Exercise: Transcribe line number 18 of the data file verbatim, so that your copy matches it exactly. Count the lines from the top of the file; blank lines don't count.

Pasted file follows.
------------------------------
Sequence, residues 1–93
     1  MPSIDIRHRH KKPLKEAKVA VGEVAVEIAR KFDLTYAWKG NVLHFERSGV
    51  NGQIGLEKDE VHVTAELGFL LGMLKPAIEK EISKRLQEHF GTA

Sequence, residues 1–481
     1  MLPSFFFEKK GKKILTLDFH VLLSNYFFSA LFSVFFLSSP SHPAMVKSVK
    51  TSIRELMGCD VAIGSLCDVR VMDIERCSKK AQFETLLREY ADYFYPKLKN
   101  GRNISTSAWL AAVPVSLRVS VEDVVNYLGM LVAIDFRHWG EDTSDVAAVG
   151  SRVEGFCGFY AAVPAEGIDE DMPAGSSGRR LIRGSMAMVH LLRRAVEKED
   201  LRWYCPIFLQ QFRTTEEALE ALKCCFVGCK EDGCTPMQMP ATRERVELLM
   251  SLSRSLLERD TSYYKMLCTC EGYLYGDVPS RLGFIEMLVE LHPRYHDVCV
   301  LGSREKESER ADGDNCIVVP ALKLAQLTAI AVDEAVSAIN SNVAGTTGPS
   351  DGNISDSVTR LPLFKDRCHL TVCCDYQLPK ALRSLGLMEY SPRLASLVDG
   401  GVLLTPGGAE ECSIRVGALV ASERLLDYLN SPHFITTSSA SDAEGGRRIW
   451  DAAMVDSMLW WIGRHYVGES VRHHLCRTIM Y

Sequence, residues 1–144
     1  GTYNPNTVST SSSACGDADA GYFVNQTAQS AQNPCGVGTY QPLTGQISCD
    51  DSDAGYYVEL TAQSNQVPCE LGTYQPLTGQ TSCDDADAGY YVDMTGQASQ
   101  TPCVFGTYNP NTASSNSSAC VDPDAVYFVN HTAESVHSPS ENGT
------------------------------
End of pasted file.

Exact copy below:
   101  TPCVFGTYNP NTASSNSSAC VDPDAVYFVN HTAESVHSPS ENGT